• Blog
  • 6 Min Read
  • July 18, 2016

What You Need to Know About New DoL Regulations

Written by:
The Clearwater Team

On April 6, 2016, the Department of Labor (DoL) issued stricter rules for how some investment managers must provide retirement investment advice to their clients. Some variation of these rules have been a long time in the making; now that they’ve been formally outlined, many in the industry are questioning the practical implications. The following are answers to some frequently asked questions regarding the new rules.

What are the New Rules?

At the direction of President Obama, the DoL issued proposed rules to “address conflicts of interest in retirement advice, saving middle-class families billions of dollars every year.”[i]

According to the DoL’s factsheet, the proposed rules can be summarized in four parts:[i]

Backdoor Payments & Hidden Fees Often Buried in Fine Print Are Hurting the Middle Class: Conflicts of interest cost middle-class families who receive conflicted advice huge amounts of their hard-earned savings. Conflicts lead, on average, to about 1 percentage point lower annual returns on retirement savings and $17 billion of losses every year. The Department of Labor is protecting families from conflicted retirement advice. The Department issued a proposed rule and related exemptions that would require retirement advisers to abide by a “fiduciary” standard—putting their clients’ best interest before their own profits. The Proposed Rule Would Save Tens of Billions of Dollars for Middle Class and Working Families: A detailed Regulatory Impact Analysis (RIA) released along with the proposal and informed by a substantial review of the scholarly literature estimates that families with IRAs would save more than $40 billion over ten years when the rule and exemptions, if adopted as currently proposed, are fully in place, even if one focuses on just one subset of transactions that have been the most studied. The Administration Welcomes Feedback: The issuance of a notice of proposed rulemaking and proposed exemptions begins a process of seeking extensive public feedback on the best approach to modernize the rules of the road on retirement advice and set new standards, while minimizing any potential disruption to the many good practices in the marketplace. The proposal asks for comments on a number of important issues. We look forward to hearing from all stakeholders. Any final rule and exemptions will reflect this input.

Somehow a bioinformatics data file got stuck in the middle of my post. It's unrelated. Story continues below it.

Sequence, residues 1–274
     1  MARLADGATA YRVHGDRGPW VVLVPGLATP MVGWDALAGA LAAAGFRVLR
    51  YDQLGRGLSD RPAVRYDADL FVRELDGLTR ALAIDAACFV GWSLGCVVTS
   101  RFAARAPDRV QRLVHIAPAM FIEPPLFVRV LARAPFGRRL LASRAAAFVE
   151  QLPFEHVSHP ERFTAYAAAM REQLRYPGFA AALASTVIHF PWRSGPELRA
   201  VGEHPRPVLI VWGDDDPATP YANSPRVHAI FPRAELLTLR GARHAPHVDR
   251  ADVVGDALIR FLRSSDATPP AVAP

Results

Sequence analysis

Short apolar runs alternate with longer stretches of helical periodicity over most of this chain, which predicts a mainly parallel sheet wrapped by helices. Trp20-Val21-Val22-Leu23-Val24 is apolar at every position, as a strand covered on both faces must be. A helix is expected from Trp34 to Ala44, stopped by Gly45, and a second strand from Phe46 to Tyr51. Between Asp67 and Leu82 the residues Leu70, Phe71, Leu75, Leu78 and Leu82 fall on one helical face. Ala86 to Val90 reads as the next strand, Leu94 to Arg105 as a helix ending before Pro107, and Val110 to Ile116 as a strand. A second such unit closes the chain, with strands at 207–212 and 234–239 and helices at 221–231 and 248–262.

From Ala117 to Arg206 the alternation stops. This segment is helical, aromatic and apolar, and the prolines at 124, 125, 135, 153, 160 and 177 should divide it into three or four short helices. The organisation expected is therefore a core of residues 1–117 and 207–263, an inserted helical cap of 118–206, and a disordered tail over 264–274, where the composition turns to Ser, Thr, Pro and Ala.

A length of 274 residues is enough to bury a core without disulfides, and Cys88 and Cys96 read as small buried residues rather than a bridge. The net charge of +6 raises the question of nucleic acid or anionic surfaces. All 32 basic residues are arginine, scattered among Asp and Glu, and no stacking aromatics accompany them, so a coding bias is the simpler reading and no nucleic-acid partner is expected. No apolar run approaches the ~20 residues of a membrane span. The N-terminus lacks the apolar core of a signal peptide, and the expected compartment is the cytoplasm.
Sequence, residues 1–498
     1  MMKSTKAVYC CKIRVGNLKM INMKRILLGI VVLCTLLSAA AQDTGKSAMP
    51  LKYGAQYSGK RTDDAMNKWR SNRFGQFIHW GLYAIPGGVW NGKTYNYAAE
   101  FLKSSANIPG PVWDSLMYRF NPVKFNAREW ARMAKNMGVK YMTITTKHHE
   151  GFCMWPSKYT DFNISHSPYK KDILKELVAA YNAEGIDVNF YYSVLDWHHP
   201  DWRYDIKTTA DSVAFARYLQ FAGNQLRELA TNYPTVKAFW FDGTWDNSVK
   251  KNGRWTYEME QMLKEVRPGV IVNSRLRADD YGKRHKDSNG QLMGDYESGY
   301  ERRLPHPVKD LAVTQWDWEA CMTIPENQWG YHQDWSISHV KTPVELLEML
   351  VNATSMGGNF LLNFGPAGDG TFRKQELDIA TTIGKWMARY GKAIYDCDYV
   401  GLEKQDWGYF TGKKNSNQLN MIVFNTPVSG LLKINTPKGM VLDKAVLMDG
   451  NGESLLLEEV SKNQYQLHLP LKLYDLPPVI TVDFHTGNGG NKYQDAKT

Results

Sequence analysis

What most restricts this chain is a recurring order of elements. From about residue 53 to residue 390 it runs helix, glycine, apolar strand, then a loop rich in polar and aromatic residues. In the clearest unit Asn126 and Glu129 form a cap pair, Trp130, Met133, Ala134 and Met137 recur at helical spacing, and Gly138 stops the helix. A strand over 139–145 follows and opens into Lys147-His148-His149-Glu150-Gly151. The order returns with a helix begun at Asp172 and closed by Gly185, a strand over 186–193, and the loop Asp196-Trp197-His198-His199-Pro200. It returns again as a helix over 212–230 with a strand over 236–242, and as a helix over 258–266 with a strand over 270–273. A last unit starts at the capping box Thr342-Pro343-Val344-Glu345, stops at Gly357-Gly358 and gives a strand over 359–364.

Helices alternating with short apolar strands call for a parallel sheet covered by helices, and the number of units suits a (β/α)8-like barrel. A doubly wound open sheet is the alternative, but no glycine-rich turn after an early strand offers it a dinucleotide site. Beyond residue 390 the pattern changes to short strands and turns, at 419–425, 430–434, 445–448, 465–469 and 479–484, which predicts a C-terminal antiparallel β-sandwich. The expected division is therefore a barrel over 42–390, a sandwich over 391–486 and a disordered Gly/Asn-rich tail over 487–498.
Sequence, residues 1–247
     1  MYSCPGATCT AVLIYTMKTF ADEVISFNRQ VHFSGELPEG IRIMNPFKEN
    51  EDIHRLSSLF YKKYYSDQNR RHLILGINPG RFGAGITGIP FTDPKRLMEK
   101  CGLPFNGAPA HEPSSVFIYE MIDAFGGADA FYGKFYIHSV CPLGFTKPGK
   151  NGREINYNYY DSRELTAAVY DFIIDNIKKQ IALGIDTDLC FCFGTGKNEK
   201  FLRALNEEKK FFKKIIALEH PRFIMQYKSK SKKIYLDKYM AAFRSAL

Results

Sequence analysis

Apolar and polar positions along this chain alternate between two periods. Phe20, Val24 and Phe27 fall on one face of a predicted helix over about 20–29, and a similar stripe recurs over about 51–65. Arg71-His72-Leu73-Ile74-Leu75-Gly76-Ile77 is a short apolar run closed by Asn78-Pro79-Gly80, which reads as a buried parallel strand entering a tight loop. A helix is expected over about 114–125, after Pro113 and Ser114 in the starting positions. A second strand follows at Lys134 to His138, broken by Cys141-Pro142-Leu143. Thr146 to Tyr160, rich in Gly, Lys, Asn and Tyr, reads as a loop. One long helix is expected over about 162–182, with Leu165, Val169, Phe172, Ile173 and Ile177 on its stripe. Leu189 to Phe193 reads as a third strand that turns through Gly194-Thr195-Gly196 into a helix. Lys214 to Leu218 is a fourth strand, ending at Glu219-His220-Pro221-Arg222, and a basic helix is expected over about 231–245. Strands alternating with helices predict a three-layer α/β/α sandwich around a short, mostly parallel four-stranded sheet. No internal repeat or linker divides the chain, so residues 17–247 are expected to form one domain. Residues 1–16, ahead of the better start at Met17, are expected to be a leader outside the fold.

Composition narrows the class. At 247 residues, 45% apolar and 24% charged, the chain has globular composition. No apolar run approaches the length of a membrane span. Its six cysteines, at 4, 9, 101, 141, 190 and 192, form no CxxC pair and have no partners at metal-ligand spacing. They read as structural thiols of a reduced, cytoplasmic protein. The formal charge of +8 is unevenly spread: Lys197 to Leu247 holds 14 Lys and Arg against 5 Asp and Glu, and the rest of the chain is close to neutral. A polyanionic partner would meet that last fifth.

Investment firms will be required to comply with the new rules by January 2018.

What is the DoL Trying to Accomplish?

In general, the DoL is attempting to protect retirement investors from some brokers and advisors who would (and have) recommended certain products that are especially profitable to sell, but bring in a smaller return than other investments. The narrow focus on retirement funds is an attempt to offer protection to middle-class investors whose retirement age and quality of life can be significantly impacted by the performance of the investments.

Along these lines, it seems that 401(k) rollovers in particular are a focal point of the new rules. These rollovers can be lucrative to broker-dealers, but do not always produce the best return for investors. In the future, firms will need to justify that recommending a fee-based strategy like a 401(k) rollover is truly in their client’s best interest.

What Are the Implications?

The key implication for investment managers is that according to the new rules, all firms advising clients on their retirement investments will now be held to a fiduciary standard.

According to the Employee Retirement Income Security Act (ERISA), “anyone who gives investment advice for a fee or other compensation with respect to any moneys or other property of a plan, or has any authority or responsibility to do so”[ii] will be held to the new fiduciary standard rule.

At its most basic definition, a fiduciary must offer financial advisement with their clients’ best interests in mind. That means offering advice on specific investment products and strategies that, to their knowledge, will best benefit their clients rather than their own profits.

Who Will It Affect?